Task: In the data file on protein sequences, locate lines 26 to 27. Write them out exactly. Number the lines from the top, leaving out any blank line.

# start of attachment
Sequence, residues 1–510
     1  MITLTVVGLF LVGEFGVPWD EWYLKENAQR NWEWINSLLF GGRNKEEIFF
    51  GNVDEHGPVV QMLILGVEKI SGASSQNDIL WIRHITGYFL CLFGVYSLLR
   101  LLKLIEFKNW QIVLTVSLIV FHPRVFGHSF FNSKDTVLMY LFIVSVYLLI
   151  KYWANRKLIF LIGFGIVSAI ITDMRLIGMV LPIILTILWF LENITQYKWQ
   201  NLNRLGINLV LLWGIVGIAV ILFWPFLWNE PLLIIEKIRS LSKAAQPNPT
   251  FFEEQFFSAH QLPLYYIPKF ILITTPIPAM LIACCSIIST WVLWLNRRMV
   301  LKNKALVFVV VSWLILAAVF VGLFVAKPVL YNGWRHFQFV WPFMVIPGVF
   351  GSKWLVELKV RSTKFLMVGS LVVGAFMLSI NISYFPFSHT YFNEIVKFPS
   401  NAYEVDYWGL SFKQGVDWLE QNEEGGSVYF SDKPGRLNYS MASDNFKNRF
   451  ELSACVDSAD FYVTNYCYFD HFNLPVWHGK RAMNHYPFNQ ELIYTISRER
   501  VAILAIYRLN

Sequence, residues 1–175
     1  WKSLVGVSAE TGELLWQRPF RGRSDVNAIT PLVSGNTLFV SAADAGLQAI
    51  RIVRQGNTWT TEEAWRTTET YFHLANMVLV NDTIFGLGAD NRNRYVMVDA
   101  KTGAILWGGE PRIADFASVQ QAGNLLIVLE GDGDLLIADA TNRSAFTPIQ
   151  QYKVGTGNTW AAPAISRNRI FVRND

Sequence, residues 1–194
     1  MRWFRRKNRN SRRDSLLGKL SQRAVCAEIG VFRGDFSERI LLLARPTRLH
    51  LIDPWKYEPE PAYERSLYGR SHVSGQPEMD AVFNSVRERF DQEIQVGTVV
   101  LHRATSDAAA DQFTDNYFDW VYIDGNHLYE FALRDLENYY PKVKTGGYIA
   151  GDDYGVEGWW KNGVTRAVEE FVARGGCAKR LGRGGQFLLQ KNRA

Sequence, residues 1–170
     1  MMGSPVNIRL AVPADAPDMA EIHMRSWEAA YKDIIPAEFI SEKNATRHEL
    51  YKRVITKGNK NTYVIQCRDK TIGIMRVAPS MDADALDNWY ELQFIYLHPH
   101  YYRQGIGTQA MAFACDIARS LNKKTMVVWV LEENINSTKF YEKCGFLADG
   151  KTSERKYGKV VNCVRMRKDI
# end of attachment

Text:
   101  YYRQGIGTQA MAFACDIARS LNKKTMVVWV LEENINSTKF YEKCGFLADG
   151  KTSERKYGKV VNCVRMRKDI